Schools reopen after ASTI agrees suspension of action
Government facing further pressure on public service pay as nurses warn of strikes
Minister for Public Expenditure Paschal Donohoe: says Ministers have reiterated their commitment to the Lansdowne Road agreement and a collective approach to industrial relations. Photograph: Alan Betson
All second-level schools have reopened today after the Association of Secondary Teachers Ireland (ASTI) last night agreed to suspend industrial action at hundreds of schools.
The union and the Department of Education accepted an invitation from the chair of the Teachers’ Conciliation Council – an arbitration body – to attend talks on “matters of mutual concern”.
The ASTI said it had agreed to defer its directive to members not to carry out supervision and substitution duties – which had led to the closure of hundreds of schools earlier this week on health and safety grounds – as well as its separate strike action over lower pay for recently recruited teachers to facilitate the new process. It said it expected the new talks process would continue until the end of November.
While the Government has welcomed the initiative aimed at resolving the teachers’ dispute, it is facing further pressure over public service pay as nurses and midwives become the latest group to warn of potential strikes.
The Irish Nurses and Midwives Organisation (INMO) is seeking the introduction of new financial incentives to recruit and retain nurses and midwives, and to secure adequate staffing levels. It is also looking for the Government to speed up the process of general pay restoration for nurses and other public service staff.
The decision by the INMO to ballot its members for industrial action, announced yesterday, comes at a time when the Government is already facing considerable pressure over pay in the wake of the Labour Court recommendation last week for a €40 million package of increases for gardaí.
The public service committee of the Irish Congress of Trade Unions – the umbrella body for most of the public service groups – is to meet in Belfast next Wednesday to consider its position on the existing Lansdowne Road accord in the light of the Garda pay recommendation.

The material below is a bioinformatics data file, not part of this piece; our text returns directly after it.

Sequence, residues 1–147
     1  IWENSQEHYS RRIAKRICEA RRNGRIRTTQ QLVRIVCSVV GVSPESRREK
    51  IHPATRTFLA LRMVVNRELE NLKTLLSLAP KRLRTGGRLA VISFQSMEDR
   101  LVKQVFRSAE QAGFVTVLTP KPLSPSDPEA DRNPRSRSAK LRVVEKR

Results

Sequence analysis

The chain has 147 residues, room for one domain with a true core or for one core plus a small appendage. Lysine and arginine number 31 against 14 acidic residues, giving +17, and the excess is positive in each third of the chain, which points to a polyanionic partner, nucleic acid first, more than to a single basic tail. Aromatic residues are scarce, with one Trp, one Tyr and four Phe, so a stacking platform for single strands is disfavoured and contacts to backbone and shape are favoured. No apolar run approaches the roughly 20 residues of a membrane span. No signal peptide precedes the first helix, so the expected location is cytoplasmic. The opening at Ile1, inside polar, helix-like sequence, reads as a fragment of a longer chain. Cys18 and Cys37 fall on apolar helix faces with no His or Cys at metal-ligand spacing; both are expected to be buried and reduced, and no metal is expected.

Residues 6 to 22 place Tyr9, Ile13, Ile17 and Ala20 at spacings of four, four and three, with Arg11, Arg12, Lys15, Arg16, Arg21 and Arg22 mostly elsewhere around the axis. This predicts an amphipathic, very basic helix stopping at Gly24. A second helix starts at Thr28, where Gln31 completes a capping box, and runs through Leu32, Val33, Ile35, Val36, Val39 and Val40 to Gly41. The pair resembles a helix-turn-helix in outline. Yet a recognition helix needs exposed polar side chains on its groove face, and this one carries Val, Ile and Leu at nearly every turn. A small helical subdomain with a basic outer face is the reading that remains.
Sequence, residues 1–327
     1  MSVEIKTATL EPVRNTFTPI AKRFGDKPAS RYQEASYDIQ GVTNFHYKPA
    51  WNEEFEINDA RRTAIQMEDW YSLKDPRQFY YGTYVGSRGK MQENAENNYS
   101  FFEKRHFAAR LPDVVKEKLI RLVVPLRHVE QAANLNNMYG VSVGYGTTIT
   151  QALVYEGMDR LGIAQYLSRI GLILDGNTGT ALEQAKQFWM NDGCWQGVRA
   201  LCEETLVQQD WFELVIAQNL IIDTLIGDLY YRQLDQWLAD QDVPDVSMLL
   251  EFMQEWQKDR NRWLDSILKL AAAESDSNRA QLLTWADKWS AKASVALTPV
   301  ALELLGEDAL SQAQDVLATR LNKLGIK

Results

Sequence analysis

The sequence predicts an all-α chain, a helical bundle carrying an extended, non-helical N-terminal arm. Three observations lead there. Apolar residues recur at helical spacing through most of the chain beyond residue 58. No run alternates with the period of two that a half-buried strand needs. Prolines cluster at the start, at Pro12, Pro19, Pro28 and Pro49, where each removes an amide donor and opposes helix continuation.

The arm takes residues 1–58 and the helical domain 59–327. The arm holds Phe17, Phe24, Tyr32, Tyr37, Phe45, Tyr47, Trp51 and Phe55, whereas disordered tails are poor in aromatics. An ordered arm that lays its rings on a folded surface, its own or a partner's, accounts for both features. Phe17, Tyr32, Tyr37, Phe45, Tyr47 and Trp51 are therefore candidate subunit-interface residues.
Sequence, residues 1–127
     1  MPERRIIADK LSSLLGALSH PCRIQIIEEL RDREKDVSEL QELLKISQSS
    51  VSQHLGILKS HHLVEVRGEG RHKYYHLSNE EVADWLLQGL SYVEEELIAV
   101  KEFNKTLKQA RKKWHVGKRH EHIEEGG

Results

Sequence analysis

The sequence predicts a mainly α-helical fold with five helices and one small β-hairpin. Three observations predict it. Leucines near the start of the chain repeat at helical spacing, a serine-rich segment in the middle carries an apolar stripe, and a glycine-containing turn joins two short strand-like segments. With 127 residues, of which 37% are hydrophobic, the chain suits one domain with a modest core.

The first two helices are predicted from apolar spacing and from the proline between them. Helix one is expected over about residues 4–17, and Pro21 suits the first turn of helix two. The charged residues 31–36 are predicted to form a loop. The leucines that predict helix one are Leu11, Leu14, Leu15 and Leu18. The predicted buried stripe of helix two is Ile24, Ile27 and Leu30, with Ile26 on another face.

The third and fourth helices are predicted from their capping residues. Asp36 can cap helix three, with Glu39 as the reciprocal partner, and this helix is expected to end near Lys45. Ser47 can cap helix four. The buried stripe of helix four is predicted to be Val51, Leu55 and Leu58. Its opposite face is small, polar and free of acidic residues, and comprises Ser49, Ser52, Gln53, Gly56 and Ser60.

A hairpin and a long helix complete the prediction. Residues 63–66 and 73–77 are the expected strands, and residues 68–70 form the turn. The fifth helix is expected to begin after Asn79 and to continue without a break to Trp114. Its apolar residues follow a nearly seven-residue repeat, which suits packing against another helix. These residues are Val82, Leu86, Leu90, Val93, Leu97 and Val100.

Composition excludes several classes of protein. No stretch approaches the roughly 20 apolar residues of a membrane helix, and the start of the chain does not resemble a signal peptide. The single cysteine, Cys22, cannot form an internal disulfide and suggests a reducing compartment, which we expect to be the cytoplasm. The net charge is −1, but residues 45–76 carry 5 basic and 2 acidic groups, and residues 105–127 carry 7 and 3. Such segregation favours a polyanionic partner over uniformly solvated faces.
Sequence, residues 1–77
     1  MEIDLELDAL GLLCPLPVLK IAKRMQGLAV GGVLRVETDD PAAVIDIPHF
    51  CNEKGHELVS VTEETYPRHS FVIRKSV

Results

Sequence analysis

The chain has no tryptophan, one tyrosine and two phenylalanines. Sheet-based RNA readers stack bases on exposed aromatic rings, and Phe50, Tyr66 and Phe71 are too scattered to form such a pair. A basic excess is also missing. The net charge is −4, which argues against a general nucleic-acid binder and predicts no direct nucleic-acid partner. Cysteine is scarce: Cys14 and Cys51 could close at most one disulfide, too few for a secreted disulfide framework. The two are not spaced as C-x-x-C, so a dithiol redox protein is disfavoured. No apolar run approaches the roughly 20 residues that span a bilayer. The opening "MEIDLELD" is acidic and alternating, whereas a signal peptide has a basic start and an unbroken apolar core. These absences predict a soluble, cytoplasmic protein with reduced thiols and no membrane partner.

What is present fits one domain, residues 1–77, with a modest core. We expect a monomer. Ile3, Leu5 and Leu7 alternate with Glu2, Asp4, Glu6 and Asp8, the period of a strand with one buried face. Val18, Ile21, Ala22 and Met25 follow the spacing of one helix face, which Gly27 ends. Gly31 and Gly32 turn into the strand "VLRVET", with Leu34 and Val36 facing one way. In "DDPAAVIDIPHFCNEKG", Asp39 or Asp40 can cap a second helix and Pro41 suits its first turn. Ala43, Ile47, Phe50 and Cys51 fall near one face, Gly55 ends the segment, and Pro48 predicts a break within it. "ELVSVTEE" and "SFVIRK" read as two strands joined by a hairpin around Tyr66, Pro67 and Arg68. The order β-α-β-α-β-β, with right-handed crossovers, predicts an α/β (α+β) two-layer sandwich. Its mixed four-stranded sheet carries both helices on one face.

Most unions argue the timetable for their members to receive additional payments over and above those set out in the Lansdowne Road deal – which runs until September 2018 – will have to be brought forward. In the absence of any new accelerated deal, many union leaders fear the emergence of a free-for-all over pay within the public service.
The Cabinet yesterday formally accepted the Labour Court recommendation on Garda pay, which resulted in last Friday’s planned strike by gardaí being averted. The Government insisted the money for the rises would be taken from existing public services rather than through tax increases.
Minister for Public Expenditure Paschal Donohoe said after the Cabinet meeting Ministers had reiterated their commitment to the Lansdowne Road agreement and a collective approach to industrial relations. Some sources suggested there may be further contact with the public service unions in advance of the meeting next Wednesday.
Mr Donohoe said he would discuss with Tánaiste and Minister for Justice Frances Fitzgerald where the money would be found to pay the extra €40 million if the Garda associations accepted the Labour Court recommendation.
Mr Donohoe was emphatic that, in the absence of the Lansdowne Road agreement, there would be consequences for public spending.
The INMO, meanwhile, is effectively adopting a twin-track stance on pay. It is joining with other public service unions to seek pay restoration at a faster pace than originally envisaged under the Lansdowne Road agreement. However, simultaneously, it is also seeking specific additional new measures for nurses and midwives.